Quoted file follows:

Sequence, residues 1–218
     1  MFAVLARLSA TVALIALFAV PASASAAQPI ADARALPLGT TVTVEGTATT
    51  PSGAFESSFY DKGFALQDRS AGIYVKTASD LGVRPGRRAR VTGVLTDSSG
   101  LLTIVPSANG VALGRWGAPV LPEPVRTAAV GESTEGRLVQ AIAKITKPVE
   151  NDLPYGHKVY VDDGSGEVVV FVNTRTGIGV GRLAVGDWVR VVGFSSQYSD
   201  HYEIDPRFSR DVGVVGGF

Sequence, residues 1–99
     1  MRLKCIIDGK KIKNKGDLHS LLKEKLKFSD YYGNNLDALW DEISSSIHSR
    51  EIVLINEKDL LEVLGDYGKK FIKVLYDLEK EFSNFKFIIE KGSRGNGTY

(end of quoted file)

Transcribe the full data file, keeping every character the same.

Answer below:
Sequence, residues 1–218
     1  MFAVLARLSA TVALIALFAV PASASAAQPI ADARALPLGT TVTVEGTATT
    51  PSGAFESSFY DKGFALQDRS AGIYVKTASD LGVRPGRRAR VTGVLTDSSG
   101  LLTIVPSANG VALGRWGAPV LPEPVRTAAV GESTEGRLVQ AIAKITKPVE
   151  NDLPYGHKVY VDDGSGEVVV FVNTRTGIGV GRLAVGDWVR VVGFSSQYSD
   201  HYEIDPRFSR DVGVVGGF

Sequence, residues 1–99
     1  MRLKCIIDGK KIKNKGDLHS LLKEKLKFSD YYGNNLDALW DEISSSIHSR
    51  EIVLINEKDL LEVLGDYGKK FIKVLYDLEK EFSNFKFIIE KGSRGNGTY